Welcome to the 2003 International Meteor Organization (IMO) Meteor Shower Calendar. The year sees two of the "big three" major showers - the Perseids and Geminids - lost to bright moonlight, but the third, the Quadrantids, are well-placed, along with the alpha-Centaurids, eta-Aquarids, and Southern delta-Aquarids. Minor or uncertain sources like the delta-Leonids, June Bootids, alpha-Aurigids, alpha-Monocerotids, Coma Berenicids and Ursids also enjoy often moonless skies, amongst others. What the Leonids may do in 2003 needs checking as well. Do not forget that monitoring of meteor activity should ideally be carried on throughout the rest of the year, however! We appreciate that this is not practical for many observers, and this Calendar was devised as a means of helping observers deal with reality by highlighting times when a particular effort may most usefully be employed. Although we include timing predictions for all the more active night-time and daytime shower maxima, based on the best available data, please note that in many cases, such maxima are not known more precisely than to the nearest 1° of solar longitude (even less accurately for the daytime radio showers, which have only recently begun to receive regular attention again). In addition, variations in individual showers from year to year mean past returns are at best only a guide as to when even major shower peaks can be expected, plus as some showers are known to show particle mass-sorting within their meteoroid streams, the radio, telescopic, video, visual and photographic meteor maxima may occur at different times from one another, and not necessarily just in these showers. The majority of data available are for visual shower maxima, so this must be borne in mind when employing other observing techniques.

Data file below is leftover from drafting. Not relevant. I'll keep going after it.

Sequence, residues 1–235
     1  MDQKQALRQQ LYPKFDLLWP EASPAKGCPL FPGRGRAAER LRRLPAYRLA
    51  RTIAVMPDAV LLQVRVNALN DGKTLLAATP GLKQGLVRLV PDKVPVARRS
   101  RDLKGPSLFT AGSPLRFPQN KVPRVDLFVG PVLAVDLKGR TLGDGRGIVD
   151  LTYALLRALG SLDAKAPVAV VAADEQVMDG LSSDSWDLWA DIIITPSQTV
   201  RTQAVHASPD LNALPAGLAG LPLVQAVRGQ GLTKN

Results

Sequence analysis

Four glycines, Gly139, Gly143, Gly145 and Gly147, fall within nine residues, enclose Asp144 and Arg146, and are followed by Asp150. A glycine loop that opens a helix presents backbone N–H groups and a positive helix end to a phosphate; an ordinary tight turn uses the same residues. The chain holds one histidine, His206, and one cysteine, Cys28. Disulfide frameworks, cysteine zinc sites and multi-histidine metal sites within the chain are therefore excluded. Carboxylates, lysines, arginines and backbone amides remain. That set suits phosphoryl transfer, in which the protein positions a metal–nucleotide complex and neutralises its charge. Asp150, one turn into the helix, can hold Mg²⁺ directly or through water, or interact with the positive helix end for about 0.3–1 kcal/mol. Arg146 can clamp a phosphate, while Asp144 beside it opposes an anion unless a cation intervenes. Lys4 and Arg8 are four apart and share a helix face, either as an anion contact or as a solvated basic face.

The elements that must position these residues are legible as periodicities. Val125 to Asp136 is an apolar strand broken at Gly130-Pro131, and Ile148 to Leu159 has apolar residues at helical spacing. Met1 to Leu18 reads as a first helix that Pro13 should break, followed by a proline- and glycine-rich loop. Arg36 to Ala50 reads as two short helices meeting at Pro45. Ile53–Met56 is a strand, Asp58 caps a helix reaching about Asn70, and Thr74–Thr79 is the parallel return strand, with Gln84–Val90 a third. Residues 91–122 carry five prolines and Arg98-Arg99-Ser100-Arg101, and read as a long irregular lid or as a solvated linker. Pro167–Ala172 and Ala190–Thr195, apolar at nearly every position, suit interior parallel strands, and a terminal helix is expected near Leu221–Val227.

The heart of the Calendar is the Working List of Visual Meteor Showers (see Table 5, thanks to regular updating from analyses using the IMO's Visual Meteor Database, the single most accurate listing available anywhere today for naked-eye meteor observing. Even this can never be a complete list of all meteor showers, since there are many showers which cannot be properly detected visually, and some which only photographic, radar, telescopic, or video observations can separate from the background sporadic meteors, present throughout the year.
The IMO's aims are to encourage, collect, analyze, and publish combined meteor data obtained from sites all over the globe in order to further our understanding of the meteor activity detectable from the Earth's surface.